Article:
Many of the grains looked pretty close! In this photo, there's also a couple of samples of actual veneers from WilsonArt and Pionite.



So anyway....here's a pretty full representation of their material finishes, taken from their website:



More....



The stuff they sell is about $50 a sheet for a 4'x8' piece, and is indeed pre-laminated on both sides. To my eye, its on par with what Sportsmobile originally used to make my cabinets, but with a denser core. It's available in both a 3/4" thickness and also a narrower shelf-thickness which seems to be closer to around 3/8" or so.

It's truly Lazy-man cabinet material, ready to go.


Today I had some samples of their material arrive (called them on Tuesday with a couple grains in mind, and they sent them out right away.)



I recognize that these won't be the same quality as what boywonder and many of the other disciplined craftsmen among you would choose to do cabinet work with. This is indeed a manufactured wood product, and susceptible to all the same issues as anything that isn't a quality hardwood.

But for all practical purposes --- and to work with what's already installed.....if you want to maintain original appearances, and if you're totally OK matching up your new stuff to the original materials that weren't quality hardwoods by any means....this seems like a decent lazy-man shortcut/timesaver to get reasonable/presentable results pretty quick and pretty cost effectively.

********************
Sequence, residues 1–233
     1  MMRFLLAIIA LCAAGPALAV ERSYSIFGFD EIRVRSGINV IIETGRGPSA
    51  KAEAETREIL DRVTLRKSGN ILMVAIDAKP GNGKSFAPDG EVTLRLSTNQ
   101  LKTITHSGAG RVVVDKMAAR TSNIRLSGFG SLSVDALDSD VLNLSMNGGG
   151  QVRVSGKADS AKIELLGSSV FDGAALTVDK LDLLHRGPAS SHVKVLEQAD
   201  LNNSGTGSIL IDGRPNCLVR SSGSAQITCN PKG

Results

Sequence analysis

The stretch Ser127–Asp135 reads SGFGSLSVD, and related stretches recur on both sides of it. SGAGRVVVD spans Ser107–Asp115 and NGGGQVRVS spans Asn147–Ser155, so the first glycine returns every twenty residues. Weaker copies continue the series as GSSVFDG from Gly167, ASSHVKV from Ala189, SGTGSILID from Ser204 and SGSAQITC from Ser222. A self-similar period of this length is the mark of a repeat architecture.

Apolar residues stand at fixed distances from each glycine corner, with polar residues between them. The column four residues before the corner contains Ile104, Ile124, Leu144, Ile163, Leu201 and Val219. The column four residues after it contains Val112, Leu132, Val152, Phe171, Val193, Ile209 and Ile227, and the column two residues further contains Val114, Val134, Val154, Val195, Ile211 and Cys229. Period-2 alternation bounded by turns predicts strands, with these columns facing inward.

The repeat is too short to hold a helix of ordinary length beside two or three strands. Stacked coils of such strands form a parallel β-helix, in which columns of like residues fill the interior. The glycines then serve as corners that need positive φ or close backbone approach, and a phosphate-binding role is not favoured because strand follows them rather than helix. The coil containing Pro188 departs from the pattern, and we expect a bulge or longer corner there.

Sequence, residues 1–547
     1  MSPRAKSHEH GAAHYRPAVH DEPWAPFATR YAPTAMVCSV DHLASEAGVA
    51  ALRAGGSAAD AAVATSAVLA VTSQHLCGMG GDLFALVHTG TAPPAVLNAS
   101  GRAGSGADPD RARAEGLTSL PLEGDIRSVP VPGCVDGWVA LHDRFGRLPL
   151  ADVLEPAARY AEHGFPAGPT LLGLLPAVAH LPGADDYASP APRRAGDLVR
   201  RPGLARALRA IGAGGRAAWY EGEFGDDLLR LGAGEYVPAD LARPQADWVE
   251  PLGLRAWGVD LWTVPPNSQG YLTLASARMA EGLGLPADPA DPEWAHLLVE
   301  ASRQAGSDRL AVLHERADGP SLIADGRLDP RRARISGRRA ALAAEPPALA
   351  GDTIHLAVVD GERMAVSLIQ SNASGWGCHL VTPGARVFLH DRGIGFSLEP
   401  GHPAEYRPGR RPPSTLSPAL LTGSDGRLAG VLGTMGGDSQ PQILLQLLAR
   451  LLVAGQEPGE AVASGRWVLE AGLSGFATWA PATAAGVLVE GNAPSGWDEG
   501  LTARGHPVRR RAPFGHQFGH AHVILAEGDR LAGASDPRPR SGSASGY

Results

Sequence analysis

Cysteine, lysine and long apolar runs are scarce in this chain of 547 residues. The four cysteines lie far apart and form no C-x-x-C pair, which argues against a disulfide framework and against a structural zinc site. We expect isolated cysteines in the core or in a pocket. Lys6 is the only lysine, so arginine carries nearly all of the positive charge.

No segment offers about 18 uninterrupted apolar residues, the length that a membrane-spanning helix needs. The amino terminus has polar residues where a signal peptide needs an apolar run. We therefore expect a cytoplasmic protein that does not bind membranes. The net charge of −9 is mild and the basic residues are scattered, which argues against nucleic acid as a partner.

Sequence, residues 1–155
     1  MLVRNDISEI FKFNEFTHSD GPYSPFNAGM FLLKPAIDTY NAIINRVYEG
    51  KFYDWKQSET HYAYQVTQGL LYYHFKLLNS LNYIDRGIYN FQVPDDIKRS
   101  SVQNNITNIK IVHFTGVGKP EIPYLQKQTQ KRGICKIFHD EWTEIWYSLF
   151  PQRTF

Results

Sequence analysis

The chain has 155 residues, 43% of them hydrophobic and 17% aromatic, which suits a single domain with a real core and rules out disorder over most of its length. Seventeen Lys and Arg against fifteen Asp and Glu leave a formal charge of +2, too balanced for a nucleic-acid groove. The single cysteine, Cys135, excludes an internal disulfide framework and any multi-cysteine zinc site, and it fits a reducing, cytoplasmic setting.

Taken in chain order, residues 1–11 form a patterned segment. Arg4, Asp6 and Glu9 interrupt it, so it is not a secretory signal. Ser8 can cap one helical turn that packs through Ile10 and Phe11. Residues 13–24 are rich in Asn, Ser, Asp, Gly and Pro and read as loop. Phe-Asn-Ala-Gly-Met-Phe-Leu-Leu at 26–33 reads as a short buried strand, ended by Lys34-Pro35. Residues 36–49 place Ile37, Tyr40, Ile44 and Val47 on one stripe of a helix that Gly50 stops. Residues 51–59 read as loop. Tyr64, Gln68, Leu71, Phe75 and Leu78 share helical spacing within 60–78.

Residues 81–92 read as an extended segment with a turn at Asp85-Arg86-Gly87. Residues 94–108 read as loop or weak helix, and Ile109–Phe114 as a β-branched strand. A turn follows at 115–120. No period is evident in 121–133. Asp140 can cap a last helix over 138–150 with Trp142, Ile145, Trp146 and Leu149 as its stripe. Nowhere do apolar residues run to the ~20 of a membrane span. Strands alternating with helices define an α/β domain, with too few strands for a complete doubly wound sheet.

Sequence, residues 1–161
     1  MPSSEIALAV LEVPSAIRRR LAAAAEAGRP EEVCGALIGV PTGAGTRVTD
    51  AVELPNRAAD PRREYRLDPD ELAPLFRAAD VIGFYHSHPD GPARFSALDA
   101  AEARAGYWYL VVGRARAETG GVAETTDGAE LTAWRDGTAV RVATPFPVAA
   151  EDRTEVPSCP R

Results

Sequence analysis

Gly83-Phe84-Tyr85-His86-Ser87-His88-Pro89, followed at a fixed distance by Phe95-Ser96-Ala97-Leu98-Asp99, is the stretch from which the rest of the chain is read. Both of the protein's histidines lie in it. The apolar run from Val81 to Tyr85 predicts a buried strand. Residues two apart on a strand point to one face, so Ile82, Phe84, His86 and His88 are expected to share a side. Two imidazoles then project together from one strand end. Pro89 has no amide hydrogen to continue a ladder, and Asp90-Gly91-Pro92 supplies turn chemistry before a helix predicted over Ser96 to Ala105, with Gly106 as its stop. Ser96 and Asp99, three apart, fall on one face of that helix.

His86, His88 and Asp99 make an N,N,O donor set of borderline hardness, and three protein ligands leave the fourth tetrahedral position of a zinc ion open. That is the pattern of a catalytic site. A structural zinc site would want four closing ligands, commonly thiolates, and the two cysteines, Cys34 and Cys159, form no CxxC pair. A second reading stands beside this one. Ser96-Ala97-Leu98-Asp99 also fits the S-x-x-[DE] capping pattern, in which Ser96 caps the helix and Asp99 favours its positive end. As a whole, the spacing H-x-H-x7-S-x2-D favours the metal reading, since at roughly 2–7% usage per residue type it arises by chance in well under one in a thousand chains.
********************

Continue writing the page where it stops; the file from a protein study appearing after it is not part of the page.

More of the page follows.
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Old 09-14-2017, 09:10 PM   #3
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I have the same oak color interior (98 Indiana build). I've used 3/4" oak plywood for a few cabinet doors and it matches pretty well. The SMB stuff is 1/2", but with the edge t-moulding its functionally 3/4".

I've also gotten similar samples of the laminated wood, but haven't taken the plunge to order any yet. I may do some serious cabinet rebuilding this summer, so we'll see.

That small cabinet must have been made for something in particular for the original owner... why else would there be an AC outlet inside it? Odd.
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Old 09-15-2017, 10:16 AM   #4
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Ah! Interesting about the original SMB stuff being 1/2" thick, not 3/4". I guess I knew that....

....but as you say, the 3/4" edge-overlapping T-molding really makes it "read" like 3/4".
I'll be ordering a 4'x8' sheet of this material pretty soon, so should have a more accurate idea of its true thickness to share shortly.

(Definitely hoping now that its actual thickness is closer to 1/2"....just to make the whole "replicating original dimensions and joinery" tasks easier.

*** PS -- yeah, this hidden AC electric socket placement is super weird, right? No idea why anyone would want that tucked inside that cubby. I'm guessing it's just as likely that the cubby was a last-minute addition to the build, long after the AC socket was installed. But who knows....maybe someone had an electric toothbrush that they passionately felt just HAD to be always plugged in (and hidden away) when they were in campgrounds with full hookups, haha.... #theythoughtofeverything
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Old 09-15-2017, 10:35 AM   #5
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That's pretty cool Mike. The outlet placement is indeed weird. Judging by the shelf in that teeny cabinet I'm guessing the original buyer decided they wanted a spice rack with a door so they wouldn't be vacuuming up parsley, sage, rosemary and thyme after every off-pavement adventure. Kudos on the research.